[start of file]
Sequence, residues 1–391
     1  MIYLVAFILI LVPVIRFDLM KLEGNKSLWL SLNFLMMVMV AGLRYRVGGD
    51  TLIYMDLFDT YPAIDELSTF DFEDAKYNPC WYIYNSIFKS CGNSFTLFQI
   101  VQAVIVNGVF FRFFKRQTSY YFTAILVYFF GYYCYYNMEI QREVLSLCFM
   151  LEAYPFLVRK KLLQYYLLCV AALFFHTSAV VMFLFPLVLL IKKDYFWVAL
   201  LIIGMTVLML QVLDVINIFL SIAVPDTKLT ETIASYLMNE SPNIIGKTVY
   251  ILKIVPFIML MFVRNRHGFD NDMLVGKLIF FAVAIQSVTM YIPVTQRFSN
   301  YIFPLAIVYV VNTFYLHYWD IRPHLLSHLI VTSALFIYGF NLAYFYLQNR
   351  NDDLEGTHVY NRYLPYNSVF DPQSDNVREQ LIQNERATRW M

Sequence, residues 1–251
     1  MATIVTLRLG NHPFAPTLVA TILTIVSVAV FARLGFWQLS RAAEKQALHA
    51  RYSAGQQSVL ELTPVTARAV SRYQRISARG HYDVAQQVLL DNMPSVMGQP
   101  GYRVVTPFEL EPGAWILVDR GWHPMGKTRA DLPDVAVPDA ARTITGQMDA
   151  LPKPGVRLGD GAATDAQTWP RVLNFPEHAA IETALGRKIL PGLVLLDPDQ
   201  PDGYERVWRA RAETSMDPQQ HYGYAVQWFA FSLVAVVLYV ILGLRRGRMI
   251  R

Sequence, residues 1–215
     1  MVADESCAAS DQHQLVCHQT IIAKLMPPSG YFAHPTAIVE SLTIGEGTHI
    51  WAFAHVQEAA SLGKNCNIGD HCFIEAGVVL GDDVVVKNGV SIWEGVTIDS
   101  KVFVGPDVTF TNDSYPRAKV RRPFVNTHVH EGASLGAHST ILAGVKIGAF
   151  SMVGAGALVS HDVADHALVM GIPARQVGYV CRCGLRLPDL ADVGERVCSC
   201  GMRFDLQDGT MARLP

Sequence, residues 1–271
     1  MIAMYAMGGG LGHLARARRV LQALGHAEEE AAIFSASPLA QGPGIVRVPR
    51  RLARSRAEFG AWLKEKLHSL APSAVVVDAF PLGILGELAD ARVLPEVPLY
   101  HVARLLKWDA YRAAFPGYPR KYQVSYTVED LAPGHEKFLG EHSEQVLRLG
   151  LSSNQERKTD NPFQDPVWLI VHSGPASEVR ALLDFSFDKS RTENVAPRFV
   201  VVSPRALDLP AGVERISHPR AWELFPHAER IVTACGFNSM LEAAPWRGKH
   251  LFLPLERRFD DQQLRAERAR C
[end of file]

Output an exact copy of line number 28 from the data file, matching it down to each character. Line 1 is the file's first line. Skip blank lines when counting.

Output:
   201  VVSPRALDLP AGVERISHPR AWELFPHAER IVTACGFNSM LEAAPWRGKH